Through the use of PLA, this study has shown that Hts forms complexes with Dlg and PIP2 at the postsynaptic region of the larval NMJ, with its ability to associate with these proteins being negatively regulated through phosphorylation of the MARCKS-homology domain. Studies on mammalian adducin have demonstrated that phosphorylation of the MARCKS-homology domain impedes its actin-binding and spectrin-recruiting functions, reduces its affinity for these cytoskeletal components and the membrane, and targets it for proteolysis. It is proposed that phosphorylation of the MARCKS-homology domain in the Add1/Add2 isoforms of Hts in response to upstream signaling events at the synapse reduces their affinity for spectrin-actin junctions and Dlg at the NMJ, but may also hinder their interactions with PIP2 and other phosphoinositides in line with the electrostatic switch model for phosphoinositide binding by the MARCKS-homology domain (Wang, 2014).

It was proposed previously that Hts regulates Dlg localization at the NMJ by controlling the protein levels of PAR-1 and CaMKII, which phosphorylate Dlg and disrupt its postsynaptic targeting. This study now shows that regulation of these kinases appears to occur at the level of transcript processing, with Hts promoting the accumulation of par-1 and camkII transcripts in the muscle cytoplasm. Cytoplasmic accumulation of the transcripts would then presumably lead to higher levels of PAR-1 and CaMKII protein. How is Hts achieving this mode of regulation when it is residing with Dlg at the postsynaptic membrane? One possibility is that Hts at the NMJ is activating a signaling pathway that promotes the transcription and/or stability of par-1 and camkII transcripts, as well as their transport out of the nucleus. Another possibility is that Hts itself, which contains predicted NLS and NES sequences, translocates to the nucleus in response to events at the NMJ, similar to the way that mammalian α-adducin translocates to the nucleus upon loss of cell-cell adhesion in epithelia. This study was unable to detect endogenous Hts in muscle nuclei, however, nuclear Hts levels might be tightly restricted and undetectable under wild-type conditions. Over-expressed wild-type Hts, on the other hand, is readily observable in the nucleus, though not its phosphorylated form - a result also seen with α-adducin. Whatever the mechanism may be, the presence of Hts in a complex with Dlg may allow it to evaluate the status of Dlg and the synapse, and execute a response in the form of regulating Dlg localization through PAR-1 and CaMKII mediated phosphorylation (Wang, 2014).

A recent study has uncovered a novel nuclear envelope budding mechanism that can export select transcripts from muscle nuclei during larval NMJ development, and involves Lamin C (LamC) and the Wnt receptor, DFrizzled2 (DFzz2) (Speese, 2012). Interestingly, camkII, but not dlg, transcripts are regulated by this process, which is consistent with the findings that CaMKII, but not Dlg, expression is regulated by Hts. Future work will determine whether Hts is involved in this LamC/DFzz2-dependent mechanism (Wang, 2014).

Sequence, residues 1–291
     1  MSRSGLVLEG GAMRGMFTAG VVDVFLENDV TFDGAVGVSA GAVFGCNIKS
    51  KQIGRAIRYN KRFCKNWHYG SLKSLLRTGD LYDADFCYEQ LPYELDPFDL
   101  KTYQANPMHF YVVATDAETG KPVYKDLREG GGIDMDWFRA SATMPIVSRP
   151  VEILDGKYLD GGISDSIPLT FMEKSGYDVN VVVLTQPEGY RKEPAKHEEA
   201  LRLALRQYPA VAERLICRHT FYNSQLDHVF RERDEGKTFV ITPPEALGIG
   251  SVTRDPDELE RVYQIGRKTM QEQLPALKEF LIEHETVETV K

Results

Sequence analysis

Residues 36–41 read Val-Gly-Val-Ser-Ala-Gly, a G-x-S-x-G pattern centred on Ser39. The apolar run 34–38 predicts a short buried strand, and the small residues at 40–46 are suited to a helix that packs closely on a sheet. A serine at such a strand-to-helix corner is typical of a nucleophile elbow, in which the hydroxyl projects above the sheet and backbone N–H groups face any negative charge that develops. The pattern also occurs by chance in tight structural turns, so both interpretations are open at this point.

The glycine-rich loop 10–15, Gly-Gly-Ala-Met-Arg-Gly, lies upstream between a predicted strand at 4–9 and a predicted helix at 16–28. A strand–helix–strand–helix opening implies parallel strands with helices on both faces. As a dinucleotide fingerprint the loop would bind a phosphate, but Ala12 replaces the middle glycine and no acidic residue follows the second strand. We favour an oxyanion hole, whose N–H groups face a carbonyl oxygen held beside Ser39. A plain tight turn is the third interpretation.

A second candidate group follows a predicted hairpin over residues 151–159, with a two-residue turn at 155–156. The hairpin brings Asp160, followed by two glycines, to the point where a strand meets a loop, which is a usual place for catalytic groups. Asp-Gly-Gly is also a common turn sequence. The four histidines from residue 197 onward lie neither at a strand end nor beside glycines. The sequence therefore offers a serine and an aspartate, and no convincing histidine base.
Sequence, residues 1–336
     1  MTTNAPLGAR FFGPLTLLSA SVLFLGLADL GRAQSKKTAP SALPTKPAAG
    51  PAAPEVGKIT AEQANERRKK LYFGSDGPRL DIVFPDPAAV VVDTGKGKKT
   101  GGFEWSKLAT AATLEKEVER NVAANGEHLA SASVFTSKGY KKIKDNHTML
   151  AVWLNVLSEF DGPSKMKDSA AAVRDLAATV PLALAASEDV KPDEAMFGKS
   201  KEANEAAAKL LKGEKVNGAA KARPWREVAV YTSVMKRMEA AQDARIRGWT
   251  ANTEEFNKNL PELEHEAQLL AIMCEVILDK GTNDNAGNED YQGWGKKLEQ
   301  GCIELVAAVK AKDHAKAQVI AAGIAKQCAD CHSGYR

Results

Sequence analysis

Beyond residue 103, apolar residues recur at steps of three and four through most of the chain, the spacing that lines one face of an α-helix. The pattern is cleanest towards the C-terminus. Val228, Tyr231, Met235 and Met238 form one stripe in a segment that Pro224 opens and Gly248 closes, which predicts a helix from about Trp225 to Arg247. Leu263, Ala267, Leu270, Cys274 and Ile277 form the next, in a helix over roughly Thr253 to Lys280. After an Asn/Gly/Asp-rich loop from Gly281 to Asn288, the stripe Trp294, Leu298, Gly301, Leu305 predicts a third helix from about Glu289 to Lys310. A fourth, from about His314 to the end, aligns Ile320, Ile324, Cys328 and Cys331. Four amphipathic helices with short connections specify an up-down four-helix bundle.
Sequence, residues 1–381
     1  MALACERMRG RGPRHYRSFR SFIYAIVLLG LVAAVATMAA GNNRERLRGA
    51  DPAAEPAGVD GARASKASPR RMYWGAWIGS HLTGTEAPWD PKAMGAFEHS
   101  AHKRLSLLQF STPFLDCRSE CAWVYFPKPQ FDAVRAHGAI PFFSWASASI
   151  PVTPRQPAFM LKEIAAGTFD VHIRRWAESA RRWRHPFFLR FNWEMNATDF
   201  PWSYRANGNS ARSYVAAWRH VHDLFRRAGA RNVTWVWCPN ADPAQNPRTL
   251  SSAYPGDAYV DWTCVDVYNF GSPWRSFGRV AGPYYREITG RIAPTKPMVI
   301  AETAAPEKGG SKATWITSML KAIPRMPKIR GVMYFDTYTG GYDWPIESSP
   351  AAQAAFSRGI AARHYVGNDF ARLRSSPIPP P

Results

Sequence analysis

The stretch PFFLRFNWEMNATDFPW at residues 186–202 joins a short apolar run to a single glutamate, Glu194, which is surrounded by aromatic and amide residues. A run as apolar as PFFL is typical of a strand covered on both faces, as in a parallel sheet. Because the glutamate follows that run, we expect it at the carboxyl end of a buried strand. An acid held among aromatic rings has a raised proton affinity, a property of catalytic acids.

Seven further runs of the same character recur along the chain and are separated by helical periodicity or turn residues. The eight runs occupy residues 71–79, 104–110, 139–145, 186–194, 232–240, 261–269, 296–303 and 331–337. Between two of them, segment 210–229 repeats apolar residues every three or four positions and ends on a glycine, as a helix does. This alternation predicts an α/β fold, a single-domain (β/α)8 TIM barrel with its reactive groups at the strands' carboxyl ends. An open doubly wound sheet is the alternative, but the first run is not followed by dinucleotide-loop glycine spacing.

Two papers have underscored the importance of phosphoinositides in synaptic development at the Drosophila NMJ (Forrest, 2013; Khuong, 2010). Binding of Hts to PIP2 and probably other phosphoinositides at the NMJ, as seen with other MARCKS-homology domain-containing proteins, may affect the availability of these lipids for processes such as signal transduction, thus affecting synaptic development. Conversely, the localization of Hts at the NMJ may be regulated by the distribution of phosphoinositides. In line with this, postsynaptic knockdown of the phosphoinositide phosphatase Sac1 via transgenic RNAi expression disrupts Hts localization at the NMJ (Wang, 2014).

The observations reported in this study may have important implications for understanding diseases that affect synaptic function in humans and other mammals. Many neurodegenerative diseases including amyotrophic lateral sclerosis (ALS), a disorder characterized by the progressive loss of motor neurons, have been assumed until recently to be a consequence of neuronal death within the central nervous system. However, there is substantial recent evidence indicating that neuron pathology in ALS and other neurodegenerative diseases is due to a degenerative process that begins in the presynaptic terminal, NMJ or distal axon. This may also be the case in normal aging (Wang, 2014).

Initial interested in adducin arose when elevated levels of phospho-adducin protein was found in the spinal cord tissue of patients who died with ALS, compared to individuals who died without neurological disease. Similar observations were also made in mSOD-expressing mice, a transgenic animal model of ALS. Multiple studies have shown that adducin plays important roles in synaptic plasticity, and that mice mutant for β-adducin display defects in memory, learning and motor coordination. It is clear that modulation of Hts expression and phosphorylation can affect synaptic development. This study provides evidence here that phosphorylation of Hts impedes its function at the larval NMJ, a result that is consistent with the mammalian adducins. In addition, overexpression of phospho-mimetic Hts has dominant negative effects over endogenous Hts. Thus, loss of adducin function through aberrant phosphorylation of the MARCKS-homology domain may be a contributing factor for human neurodegenerative diseases (Wang, 2014).